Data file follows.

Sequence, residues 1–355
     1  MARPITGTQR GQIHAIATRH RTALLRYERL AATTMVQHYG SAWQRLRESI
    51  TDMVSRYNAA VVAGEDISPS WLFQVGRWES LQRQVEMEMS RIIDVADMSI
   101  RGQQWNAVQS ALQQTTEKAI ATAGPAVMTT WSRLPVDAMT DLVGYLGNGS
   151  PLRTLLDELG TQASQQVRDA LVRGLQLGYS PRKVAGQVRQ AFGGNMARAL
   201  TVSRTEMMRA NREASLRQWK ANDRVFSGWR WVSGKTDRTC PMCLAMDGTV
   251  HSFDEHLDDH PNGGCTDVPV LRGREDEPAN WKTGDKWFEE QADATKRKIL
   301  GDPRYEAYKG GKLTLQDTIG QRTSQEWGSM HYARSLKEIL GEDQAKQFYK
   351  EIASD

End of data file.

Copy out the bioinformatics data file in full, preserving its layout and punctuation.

Sequence, residues 1–355
     1  MARPITGTQR GQIHAIATRH RTALLRYERL AATTMVQHYG SAWQRLRESI
    51  TDMVSRYNAA VVAGEDISPS WLFQVGRWES LQRQVEMEMS RIIDVADMSI
   101  RGQQWNAVQS ALQQTTEKAI ATAGPAVMTT WSRLPVDAMT DLVGYLGNGS
   151  PLRTLLDELG TQASQQVRDA LVRGLQLGYS PRKVAGQVRQ AFGGNMARAL
   201  TVSRTEMMRA NREASLRQWK ANDRVFSGWR WVSGKTDRTC PMCLAMDGTV
   251  HSFDEHLDDH PNGGCTDVPV LRGREDEPAN WKTGDKWFEE QADATKRKIL
   301  GDPRYEAYKG GKLTLQDTIG QRTSQEWGSM HYARSLKEIL GEDQAKQFYK
   351  EIASD